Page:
When did this all Begin?
We, as a society, have been addicted to one substance or another well back to before the 16th century. In the early days, some was attributable to what we now understand to be mental diseases and choice. Mead was the first alcohol that is mentioned in the early days, although there were also wine and spirits. The addiction to these stemmed from what our minds perceived to be pleasure. They made us feel superior and possessed of strength far beyond our real natural tendencies. They also, supposedly, made us feel more amorous, although, as any regular drinker can tell you now, it made it difficult to "perform".To this day, we are possessed by the addiction to booze and many have paid dearly for it. Cirrhosis and other liver diseases have been linked to alcohol abuse.
The first instance of "forced" addiction traces back to when tobacco companies discovered the addictive properties of nicotine, a drug that is not naturally occurring in tobacco leaf. In fact, "Independent evidence and the tobacco industry’s own documents make clear that the tobacco companies have used design features and chemical additives in the manufacturing process in ways that increase the impact of nicotine, the addictive agent in tobacco products. Products have been engineered to create and sustain addiction by controlling their physical properties."(1) One of the most addictive and hardest to quit, it remains legal regardless of the health implications.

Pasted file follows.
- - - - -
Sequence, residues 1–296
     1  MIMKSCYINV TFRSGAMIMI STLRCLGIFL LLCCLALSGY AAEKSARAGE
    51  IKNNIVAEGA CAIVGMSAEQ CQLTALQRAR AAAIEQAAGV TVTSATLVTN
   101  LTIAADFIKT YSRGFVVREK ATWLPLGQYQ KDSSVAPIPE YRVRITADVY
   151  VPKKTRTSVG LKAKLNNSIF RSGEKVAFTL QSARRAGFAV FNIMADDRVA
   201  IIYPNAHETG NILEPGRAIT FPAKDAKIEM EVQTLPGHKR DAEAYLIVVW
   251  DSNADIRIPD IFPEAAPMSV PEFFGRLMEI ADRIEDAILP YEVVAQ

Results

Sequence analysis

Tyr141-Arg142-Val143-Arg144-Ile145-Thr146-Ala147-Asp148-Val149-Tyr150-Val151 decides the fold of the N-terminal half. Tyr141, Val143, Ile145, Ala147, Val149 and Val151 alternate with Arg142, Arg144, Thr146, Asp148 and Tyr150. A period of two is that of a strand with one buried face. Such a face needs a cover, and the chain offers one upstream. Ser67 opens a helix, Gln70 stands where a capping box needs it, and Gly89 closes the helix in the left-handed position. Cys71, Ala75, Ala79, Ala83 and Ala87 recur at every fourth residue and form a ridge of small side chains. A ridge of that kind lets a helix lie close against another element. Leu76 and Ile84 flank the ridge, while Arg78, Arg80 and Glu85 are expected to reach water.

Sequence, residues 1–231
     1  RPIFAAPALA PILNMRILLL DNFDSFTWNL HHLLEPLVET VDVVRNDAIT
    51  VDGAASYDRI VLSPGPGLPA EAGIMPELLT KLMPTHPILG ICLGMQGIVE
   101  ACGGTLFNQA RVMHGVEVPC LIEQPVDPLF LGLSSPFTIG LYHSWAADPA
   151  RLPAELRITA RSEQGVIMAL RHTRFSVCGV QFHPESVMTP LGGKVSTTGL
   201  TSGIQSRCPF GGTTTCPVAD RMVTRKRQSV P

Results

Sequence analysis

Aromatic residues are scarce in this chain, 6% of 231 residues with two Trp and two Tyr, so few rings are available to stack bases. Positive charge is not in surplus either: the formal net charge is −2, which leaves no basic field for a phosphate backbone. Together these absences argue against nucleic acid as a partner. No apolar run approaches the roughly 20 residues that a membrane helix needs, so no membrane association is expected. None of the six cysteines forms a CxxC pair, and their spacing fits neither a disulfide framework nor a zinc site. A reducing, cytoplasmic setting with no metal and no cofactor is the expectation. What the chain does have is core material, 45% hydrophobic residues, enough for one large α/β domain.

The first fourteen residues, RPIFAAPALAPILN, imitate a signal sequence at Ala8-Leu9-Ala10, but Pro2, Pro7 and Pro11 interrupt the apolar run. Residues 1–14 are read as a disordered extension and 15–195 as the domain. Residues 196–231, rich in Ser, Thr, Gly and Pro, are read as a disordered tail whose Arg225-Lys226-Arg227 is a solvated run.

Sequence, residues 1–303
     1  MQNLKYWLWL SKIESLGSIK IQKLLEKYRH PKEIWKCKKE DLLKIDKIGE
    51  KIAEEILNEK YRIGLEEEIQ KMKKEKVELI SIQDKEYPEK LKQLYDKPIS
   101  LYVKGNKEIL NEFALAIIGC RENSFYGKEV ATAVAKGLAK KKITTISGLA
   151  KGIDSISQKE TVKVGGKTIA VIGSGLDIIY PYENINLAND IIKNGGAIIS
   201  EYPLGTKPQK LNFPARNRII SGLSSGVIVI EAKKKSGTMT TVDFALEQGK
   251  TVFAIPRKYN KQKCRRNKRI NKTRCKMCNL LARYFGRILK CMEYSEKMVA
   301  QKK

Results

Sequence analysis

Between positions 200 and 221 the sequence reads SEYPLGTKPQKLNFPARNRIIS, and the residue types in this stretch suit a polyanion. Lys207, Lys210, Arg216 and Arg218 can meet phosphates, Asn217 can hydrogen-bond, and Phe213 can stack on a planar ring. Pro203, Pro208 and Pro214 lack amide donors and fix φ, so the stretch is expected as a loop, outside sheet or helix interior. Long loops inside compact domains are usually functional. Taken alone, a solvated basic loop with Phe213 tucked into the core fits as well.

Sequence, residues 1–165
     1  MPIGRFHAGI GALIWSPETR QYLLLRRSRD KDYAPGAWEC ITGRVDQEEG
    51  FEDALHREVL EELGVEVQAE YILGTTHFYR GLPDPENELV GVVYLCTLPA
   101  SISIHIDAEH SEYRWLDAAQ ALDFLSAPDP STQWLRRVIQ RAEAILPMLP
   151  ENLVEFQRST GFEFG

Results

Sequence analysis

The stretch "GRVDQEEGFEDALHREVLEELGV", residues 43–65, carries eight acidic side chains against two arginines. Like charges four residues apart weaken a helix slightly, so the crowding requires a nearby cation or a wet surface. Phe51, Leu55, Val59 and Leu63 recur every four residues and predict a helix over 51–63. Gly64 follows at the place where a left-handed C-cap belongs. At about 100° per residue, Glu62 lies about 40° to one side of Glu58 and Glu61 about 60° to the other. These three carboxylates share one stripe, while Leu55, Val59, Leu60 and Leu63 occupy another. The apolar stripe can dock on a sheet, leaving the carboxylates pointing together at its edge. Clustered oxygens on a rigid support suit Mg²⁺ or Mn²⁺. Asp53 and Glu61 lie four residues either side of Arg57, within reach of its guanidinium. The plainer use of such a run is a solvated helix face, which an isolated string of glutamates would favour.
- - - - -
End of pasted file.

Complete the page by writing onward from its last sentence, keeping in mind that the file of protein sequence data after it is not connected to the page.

According to the CDC, tobacco addiction results in approximately 480,000 early deaths per year, deaths that shouldn't occur. And, the addiction doesn't happen due to the tobacco, rather, the nicotine additive.
Naturally, the tobacco industry was directly tied to the purse strings of the Congressional members who had holdings in that sector of business. So, as is mostly the case, they were allowed to run rough shod through peoples' health.
What about Alcohol Addiction?
We've had our ups and downs with booze. In the early part of American life, it was not only accepted, but downright required socially. We drank champagne, liquor and brews as if it was a right of citizenship. Then, in 1920, it was killed by the Prohibition movement, and became a black market product. Even the law couldn't stop us from getting our daily high. This, in itself, wasn't bad, but for the millions with the predisopsition to alcoholism, it was a necessary evil. Names like Capone, Malone and Cassiday made sure there was always a supply for every speakeasy in the country to keep their addicts happy. In October 1930, bootlegger George Cassiday —"the man in the green hat"—came forward and told how he had bootlegged for ten years for members of Congress. I wonder who it was that kept their illicit businesses successful and ridiculously profitable. Maybe the government officials that were making a good show of things publicly for support while, all the time backing the bootleggers to feed their own need. Either way, it was another case of people circumventing the laws to continue their addictions. In 1933, Prohibition came to an end and we were all allowed to be drunk whenever we wanted again.
When did we Become Drug Addicts, and how?